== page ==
The Strada is Raleigh’s stripped-down flat bar road bike and is ideal for those cyclists that might be put off by traditional drop handlebars. Flat bars offer a more user-friendly position and are ideally suited to urban riding where you don’t need the different hand positions offered by a drop handlebar, and want brake levers that are easy to reach. We last reviewed this bike in 2013 and found it to be a "sprightly flat-bar road bike that'll turn its hand to just about anything," but for 2018 a lot has changed.
But it's all change for 2018, with the Strada migrating from 700c to 650b wheels. The smaller wheelsize has gradually worked its way into the road cycling market in the gravel and adventure segment because it allows the use of bigger volume tyres with roughly the same outside diameter as a smaller tyre on a 700c wheel.
And it’s for those reasons too that Raleigh has sought to embrace 650b for its latest Strada. Most of the Strada range use a 42mm wide tubeless-ready tyre with a multi-surface tread pattern with a fast-rolling centre section, and reflective sidewall strips. The top-end Strada 5 uses WTB Horizon 47mm tyres.
“The wheels are fast and agile on tarmac like regular road bikes as they have the same rolling diameter as standard 700c wheels, but are far more capable when the surface turns to gravel and dirt giving riders the best of both worlds,” explains Raleigh.
Despite the change of wheelsize, Raleigh says the geometry of the previous model has been retained. All bikes in the range feature an aluminium frame and there are all the necessary eyelets for mudguards and racks, ideal for winter and commuting applications.
All but the entry-level Strada 1 have internally routed gear and brake cables. And apart from the V-brakes on this most affordable model, the rest of the range is built around disc brakes. Rigid chromoly forks are used for the majority of the bikes in the Strada range but if you want a smoother ride, perhaps because you want to tackle some dirt paths, canal towpaths and bridleways, the Strada Trail Sport gets a suspension fork with 60mm of travel.
The Strada 1 (£330) is the most affordable model and uses V-brakes and the aluminium frame is available with wither a cross-bar or step-through frame design.
The Strada 2 (£390) gets a 21-speed Shimano drivetrain with cables internally routed and the brakes are mechanical discs. It’s also available with a choice of step-through or cross-bar frames.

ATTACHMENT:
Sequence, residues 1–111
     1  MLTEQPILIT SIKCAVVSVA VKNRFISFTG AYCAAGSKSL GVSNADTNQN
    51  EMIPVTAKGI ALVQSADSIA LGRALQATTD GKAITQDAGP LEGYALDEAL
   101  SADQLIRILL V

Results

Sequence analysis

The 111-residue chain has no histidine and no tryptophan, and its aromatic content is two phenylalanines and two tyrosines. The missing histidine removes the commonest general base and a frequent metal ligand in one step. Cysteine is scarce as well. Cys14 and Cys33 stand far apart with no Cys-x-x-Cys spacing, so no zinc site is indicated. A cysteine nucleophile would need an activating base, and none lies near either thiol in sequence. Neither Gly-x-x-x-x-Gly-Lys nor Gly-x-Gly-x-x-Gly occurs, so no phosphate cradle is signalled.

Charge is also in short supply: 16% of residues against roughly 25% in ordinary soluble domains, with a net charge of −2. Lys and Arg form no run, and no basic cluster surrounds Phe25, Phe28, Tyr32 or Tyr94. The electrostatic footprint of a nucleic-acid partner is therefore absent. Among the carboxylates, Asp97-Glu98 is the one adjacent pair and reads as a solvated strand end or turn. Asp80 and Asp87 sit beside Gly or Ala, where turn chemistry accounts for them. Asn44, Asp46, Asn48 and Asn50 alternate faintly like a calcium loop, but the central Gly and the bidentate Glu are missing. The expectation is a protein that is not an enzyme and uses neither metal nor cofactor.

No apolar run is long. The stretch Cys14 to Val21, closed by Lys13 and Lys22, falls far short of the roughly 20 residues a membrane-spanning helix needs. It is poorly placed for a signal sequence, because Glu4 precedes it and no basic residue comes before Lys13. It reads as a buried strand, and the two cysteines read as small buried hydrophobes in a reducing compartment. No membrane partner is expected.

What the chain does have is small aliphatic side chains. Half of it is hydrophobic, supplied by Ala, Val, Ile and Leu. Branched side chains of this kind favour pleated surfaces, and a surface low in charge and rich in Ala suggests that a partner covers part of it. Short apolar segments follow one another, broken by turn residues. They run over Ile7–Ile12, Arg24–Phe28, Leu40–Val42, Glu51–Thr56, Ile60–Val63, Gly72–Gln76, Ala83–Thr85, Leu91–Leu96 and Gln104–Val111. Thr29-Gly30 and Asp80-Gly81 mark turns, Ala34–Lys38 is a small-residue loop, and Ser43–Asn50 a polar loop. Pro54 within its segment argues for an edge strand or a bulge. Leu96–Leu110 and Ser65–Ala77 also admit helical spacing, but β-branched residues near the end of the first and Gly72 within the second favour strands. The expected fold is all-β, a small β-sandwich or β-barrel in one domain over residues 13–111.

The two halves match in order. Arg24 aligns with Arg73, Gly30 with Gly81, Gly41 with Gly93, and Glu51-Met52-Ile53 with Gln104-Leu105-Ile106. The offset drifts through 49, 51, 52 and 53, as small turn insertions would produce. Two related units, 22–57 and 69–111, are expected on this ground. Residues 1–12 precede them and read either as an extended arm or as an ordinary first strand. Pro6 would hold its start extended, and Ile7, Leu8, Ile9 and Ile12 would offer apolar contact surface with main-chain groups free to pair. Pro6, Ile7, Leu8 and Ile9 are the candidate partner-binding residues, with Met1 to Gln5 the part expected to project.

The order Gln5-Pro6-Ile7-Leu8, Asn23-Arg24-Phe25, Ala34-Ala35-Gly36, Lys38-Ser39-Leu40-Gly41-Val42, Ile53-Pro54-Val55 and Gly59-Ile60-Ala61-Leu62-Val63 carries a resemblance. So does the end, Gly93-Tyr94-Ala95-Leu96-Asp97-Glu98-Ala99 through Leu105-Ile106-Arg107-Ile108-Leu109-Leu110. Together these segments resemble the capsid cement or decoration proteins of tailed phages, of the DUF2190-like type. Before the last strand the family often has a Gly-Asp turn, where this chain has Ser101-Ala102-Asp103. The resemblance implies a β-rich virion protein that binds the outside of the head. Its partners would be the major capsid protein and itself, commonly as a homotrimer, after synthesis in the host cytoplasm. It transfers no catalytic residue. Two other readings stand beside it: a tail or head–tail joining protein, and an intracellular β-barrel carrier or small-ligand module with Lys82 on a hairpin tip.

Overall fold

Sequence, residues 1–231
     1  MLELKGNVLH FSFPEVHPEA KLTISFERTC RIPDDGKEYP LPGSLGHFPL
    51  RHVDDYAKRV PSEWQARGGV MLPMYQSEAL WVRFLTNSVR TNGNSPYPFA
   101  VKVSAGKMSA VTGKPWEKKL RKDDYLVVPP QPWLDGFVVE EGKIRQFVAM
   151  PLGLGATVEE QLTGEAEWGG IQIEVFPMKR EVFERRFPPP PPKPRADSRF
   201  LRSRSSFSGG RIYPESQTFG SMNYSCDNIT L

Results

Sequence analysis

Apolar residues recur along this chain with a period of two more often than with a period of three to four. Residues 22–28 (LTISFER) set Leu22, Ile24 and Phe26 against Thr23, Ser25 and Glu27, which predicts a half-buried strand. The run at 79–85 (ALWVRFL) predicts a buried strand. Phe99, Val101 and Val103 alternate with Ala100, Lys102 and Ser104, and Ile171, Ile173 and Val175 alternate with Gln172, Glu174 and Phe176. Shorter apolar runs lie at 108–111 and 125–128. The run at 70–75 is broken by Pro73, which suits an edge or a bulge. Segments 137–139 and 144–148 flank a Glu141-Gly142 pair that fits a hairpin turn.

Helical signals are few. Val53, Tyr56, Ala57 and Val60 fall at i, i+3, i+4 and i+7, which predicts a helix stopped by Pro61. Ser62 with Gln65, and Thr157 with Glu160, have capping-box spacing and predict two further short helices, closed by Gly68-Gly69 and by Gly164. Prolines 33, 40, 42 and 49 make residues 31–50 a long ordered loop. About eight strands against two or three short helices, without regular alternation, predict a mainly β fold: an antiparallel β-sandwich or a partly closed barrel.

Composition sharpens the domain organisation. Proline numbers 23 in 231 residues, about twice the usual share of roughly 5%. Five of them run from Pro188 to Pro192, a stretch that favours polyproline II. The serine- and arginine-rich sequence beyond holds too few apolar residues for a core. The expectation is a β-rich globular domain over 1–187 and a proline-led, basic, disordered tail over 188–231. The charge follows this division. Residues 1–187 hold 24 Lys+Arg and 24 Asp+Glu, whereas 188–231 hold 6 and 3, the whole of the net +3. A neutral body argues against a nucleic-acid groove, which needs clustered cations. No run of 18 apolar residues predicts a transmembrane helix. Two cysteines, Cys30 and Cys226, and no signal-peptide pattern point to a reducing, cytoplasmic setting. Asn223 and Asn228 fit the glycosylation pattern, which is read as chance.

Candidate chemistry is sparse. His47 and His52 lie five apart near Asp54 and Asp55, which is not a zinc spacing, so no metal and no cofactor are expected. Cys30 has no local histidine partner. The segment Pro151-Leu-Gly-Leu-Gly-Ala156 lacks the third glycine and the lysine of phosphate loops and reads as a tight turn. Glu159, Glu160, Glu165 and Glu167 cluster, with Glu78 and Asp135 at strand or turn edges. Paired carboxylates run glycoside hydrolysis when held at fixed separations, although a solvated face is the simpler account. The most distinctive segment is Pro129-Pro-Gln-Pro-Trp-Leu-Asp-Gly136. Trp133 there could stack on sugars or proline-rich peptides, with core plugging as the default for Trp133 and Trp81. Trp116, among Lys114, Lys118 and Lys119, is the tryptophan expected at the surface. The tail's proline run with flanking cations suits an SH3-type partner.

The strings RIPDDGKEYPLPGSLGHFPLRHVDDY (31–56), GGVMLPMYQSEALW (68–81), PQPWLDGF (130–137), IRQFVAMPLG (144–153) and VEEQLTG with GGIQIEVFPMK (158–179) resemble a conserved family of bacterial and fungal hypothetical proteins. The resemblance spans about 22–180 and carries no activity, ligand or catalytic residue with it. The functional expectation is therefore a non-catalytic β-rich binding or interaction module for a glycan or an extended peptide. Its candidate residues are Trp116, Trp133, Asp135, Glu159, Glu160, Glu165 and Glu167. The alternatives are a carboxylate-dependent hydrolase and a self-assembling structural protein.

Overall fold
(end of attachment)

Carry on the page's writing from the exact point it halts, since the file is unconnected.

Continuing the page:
The Strada 3 (£430) steps up to Shimano hydraulic disc brakes for more control and better reliability, with a Shimano Acera rear derailleur to improve shifting quality.
The Strada 4 (£500) also has hydraulic disc brakes and uses the Shimano Acera groupset and crankset but increases the gear range to 27-speed.
The most expensive model in the range is the Strada 5 (£575) which gets a Shimano Deore groupset with a single ring setup for simplicity. This model also gets the WTB Horizon 47mm tyres that we’ve been so impressed with here at road.cc.
Moving onto the Strada Trail Sports range with the 60mm suspension fork, there are two models to choose from. The Trail Sport 1 costs £425 with a 21-speed Shimano groupset and mechanical disc brakes, and the Trail Sport 2 costs £500 with a 24-speed Shimano groupset and hydraulic disc brakes.
There’s also a motorised version of the new Strada. The Strada Elite Electric (£2,250) and Strada Comp Electric (£2,500) use largely the same aluminium frame as the regular bike, but with a more compact rear triangle to increase stiffness and fitted between the pedals is Shimano’s Steps E6000 motor. It pumps out 50NM and is powered by a 400wh batter with a range up to 125km depending on the level of assist and the nature of the terrain you’re riding over, with a top speed limited to 15mph.
The most expensive Comp Electric also features a Shimano Alfine Di2 hub gear with electronic gear changes and an automatic shift option. The Elite Electric uses a Shimano Alivio 1x9 mechanical drivetrain to keep the cost down.
You can see the full range at www.raleigh.co.uk
David has worked on the road.cc tech team since July 2012. Previously he was editor of Bikemagic.com and before that staff writer at RCUK. He's a seasoned cyclist of all disciplines, from road to mountain biking, touring to cyclo-cross, he only wishes he had time to ride them all. He's mildly competitive, though he'll never admit it, and is a frequent road racer but is too lazy to do really well. He currently resides in the Cotswolds.